Workplace Bullying Victims bullying stories news articles Share Their Stories EHS Today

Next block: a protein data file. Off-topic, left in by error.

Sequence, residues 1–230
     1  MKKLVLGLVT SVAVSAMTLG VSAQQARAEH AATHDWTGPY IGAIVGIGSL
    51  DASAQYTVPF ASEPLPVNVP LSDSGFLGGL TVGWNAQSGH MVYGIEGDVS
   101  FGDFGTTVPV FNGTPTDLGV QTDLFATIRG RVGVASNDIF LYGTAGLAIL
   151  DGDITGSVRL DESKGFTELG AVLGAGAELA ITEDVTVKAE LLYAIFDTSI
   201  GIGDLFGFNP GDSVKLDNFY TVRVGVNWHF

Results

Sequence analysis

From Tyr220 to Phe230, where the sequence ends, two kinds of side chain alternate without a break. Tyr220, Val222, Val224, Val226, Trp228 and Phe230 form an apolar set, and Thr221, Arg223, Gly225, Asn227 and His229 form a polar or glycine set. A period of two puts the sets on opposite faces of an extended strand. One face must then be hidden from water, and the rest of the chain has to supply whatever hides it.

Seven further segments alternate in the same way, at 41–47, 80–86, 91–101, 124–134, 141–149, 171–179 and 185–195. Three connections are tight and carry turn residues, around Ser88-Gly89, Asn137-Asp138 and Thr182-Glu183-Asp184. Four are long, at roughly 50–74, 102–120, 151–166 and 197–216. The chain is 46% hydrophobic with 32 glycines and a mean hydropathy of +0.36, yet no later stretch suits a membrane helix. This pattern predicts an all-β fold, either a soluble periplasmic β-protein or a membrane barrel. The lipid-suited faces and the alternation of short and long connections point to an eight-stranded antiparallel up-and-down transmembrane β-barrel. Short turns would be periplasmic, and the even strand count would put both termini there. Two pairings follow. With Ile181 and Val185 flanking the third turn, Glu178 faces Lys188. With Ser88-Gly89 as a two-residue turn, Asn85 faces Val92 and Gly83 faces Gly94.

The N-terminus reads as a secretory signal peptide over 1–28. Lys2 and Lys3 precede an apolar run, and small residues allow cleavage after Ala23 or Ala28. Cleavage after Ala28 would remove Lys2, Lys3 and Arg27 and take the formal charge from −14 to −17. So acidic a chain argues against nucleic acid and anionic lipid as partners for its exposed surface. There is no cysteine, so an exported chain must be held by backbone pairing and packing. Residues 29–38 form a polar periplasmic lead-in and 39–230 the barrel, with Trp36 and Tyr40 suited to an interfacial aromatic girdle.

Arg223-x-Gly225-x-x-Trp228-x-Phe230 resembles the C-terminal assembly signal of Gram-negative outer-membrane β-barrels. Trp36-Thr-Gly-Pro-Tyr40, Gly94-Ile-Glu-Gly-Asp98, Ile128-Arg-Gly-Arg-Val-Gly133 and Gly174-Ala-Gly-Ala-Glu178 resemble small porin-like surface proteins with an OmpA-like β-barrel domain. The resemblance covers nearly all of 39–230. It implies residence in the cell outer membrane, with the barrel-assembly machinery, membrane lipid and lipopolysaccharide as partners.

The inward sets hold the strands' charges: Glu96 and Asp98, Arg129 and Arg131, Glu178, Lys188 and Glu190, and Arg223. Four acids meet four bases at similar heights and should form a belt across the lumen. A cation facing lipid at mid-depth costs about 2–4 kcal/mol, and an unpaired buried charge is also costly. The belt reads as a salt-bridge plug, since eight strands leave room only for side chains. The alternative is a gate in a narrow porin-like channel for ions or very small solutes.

Over the past crazy year, organizations have learned many important lessons—some, the hard way. From advanced location tracking and fall detection to automated check-ins and panic buttons, leveraging any existing and commonly used devices for these features is essential for protecting your team to the best of your organization’s ability. For example, this means employing lone worker safety technology and apps that can be utilized on devices already in the field that employees are familiar and comfortable with. The growing market and options may be overwhelming, but the good news is that there is a safety platform or software for almost every type of safety need and industry. It was difficult for many of the victims to find the right words or to put the events in logical order to explain how the bullying started and escalated. Tye-Williams said the stories don’t always have a distinct beginning, middle or end. Several months can pass before the victims realize there is a problem, because bullying often starts with subtle behaviors that make it hard to identify initially. An active safety department is constantly keeping workers connected and aware of any potential hazards or risks. Whether you’re looking at employee data from a safety app, you’re conducting a lunch-and-learn workshop or simply checking in on a co-worker, these activities  provide opportunities for connection. Reaching out to employees on a regular basis strengthens relationships and can result in better performance because employees feel valued, which can also help increase employee retention. “Sometimes people are already aware of bullying, but others want to know how it’s different from harassment or discrimination, so awareness of the issue is important,” Tye-Williams said. “It’s also important that we learn how to treat each other better and reach out when people are being harmed. We can all make strides in that direction.” When it comes to workplace safety, the conversation tends to gravitate toward physical safety hazards and how to mitigate them. But due to the widespread isolation and loneliness of the pandemic, safety managers are talking more about how to support the mental and emotional well-being of workers, which impacts their physical safety as well as the productivity and caliber of their work.”  The American Psychiatric Association Foundation estimates that $44 billion in productivity is lost each year to employees with depression. If a victim does report the bullying, it is important for managers to reserve judgment. Even when the story is hard to follow, managers need to listen and ask questions, Tye-Williams said. This will help the victim organize his or her thoughts and make it easier for the manager to understand what is going on. The fact that a manager or boss was most often identified as the bully in the study could be a roadblock for change in smaller businesses. Not only do victims need to be heard, but there also needs to be action to stop the bullying and initiate a change in the organization’s culture, Tye-Williams said. Targets are more likely to come forward and report the behavior in a supportive environment. In 2016, OSHA passed a regulation that prohibits employers from discouraging workers from reporting injuries and illnesses and also requires employers to inform their employees of their right to report any incidents. In a 2009 report, The National Employment Law Project found that 43% of low-wage workers in Los Angeles, New York and Chicago experienced illegal retaliation from their employer after filing a safety-related complaint. “If victims are not believed and don’t have someone to talk to about their story, then they have a hard time formulating a narrative,” Tye-Williams said. “Even if you’re not comfortable as a co-worker reporting the behavior, letting the victim tell you their story, go with you to have a drink and vent, or just feel believed can help. For a lot of victims, that process of being believed and having someone listen to their story is crucial in helping them better communicate about their experience.” Order and timing are not the only challenges to forming a story. Victims said sharing their experience is like trying to describe the indescribable. How victims tell their stories makes all the difference in whether people believe what the targets are saying is true, Tye-Williams said. Even more tragic is the fact that many victims of workplace bullying suffer in silence. Schools focus a lot of attention on stopping and preventing bullying, but it is not as openly discussed in the workplace. Tye-Williams said some research shows children who are bullies in school continue that behavior as adults. Greater awareness will help, but even small, simple changes can make a difference. From these many lessons that we are still experiencing, managers and supervisors have seen how ongoing, well-planned safety impacts productivity and quality of work. However, it is a major misconception that workplace safety and productivity are mutually exclusive, and in order for one area the benefit, the other must be negatively impacted. The reality is that safety and productivity actually complement each other. “When the story is all over the place and feels disjointed or disconnected, people don’t understand or they can’t make sense of what happened. Then what often happens is the victim is not taken seriously or not believed, which is really sad because these victims tend to be the ones suffering most.” Safety and productivity are two important pieces of a bigger puzzle that encompasses a prolific and happy team who will produce better work as a result. While it might not happen overnight, by focusing on these four areas, you can empower and engage workers to constantly improve workplace safety and simultaneously increase their productivity. Safety training—even online—encourages and facilitates valuable engagement and connection amongst the team, thereby strengthening the personal and professional dynamics on multiple levels. Not every new safety protocol will require a training session or workshop. However, when you are introducing a new major practice or policy, training may be needed. Though safety is sometimes perceived to be an impediment to operations, research shows that a safer workplace results in a more productive workforce. Gen Handley is a marketing and growth coordinator for  SafetyLine Lone Worker , an automated, cloud-based lone worker monitoring service that has helped companies protect remote or isolated workers for more than 20 years. Gen has more than 10 years of freelance writing and marketing experience. Workplace Bullying Victims bullying stories news articles Share Their Stories EHS Today